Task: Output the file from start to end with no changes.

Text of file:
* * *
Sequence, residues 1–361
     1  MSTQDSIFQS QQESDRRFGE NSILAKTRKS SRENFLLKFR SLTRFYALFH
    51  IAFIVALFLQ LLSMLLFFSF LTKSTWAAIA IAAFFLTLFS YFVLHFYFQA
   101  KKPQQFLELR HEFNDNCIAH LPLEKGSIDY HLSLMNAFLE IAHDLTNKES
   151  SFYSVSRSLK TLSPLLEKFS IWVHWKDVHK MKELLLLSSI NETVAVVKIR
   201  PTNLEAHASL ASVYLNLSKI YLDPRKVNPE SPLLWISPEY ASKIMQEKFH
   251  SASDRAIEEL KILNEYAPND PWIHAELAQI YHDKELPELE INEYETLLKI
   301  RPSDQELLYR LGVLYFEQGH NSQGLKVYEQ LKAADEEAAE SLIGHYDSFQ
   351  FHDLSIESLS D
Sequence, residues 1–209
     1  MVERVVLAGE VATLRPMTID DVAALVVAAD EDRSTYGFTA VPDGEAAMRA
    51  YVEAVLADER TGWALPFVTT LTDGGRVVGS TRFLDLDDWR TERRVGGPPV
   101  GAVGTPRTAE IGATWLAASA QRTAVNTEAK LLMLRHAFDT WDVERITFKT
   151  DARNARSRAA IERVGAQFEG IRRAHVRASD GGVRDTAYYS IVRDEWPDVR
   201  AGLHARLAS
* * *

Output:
Sequence, residues 1–361
     1  MSTQDSIFQS QQESDRRFGE NSILAKTRKS SRENFLLKFR SLTRFYALFH
    51  IAFIVALFLQ LLSMLLFFSF LTKSTWAAIA IAAFFLTLFS YFVLHFYFQA
   101  KKPQQFLELR HEFNDNCIAH LPLEKGSIDY HLSLMNAFLE IAHDLTNKES
   151  SFYSVSRSLK TLSPLLEKFS IWVHWKDVHK MKELLLLSSI NETVAVVKIR
   201  PTNLEAHASL ASVYLNLSKI YLDPRKVNPE SPLLWISPEY ASKIMQEKFH
   251  SASDRAIEEL KILNEYAPND PWIHAELAQI YHDKELPELE INEYETLLKI
   301  RPSDQELLYR LGVLYFEQGH NSQGLKVYEQ LKAADEEAAE SLIGHYDSFQ
   351  FHDLSIESLS D
Sequence, residues 1–209
     1  MVERVVLAGE VATLRPMTID DVAALVVAAD EDRSTYGFTA VPDGEAAMRA
    51  YVEAVLADER TGWALPFVTT LTDGGRVVGS TRFLDLDDWR TERRVGGPPV
   101  GAVGTPRTAE IGATWLAASA QRTAVNTEAK LLMLRHAFDT WDVERITFKT
   151  DARNARSRAA IERVGAQFEG IRRAHVRASD GGVRDTAYYS IVRDEWPDVR
   201  AGLHARLAS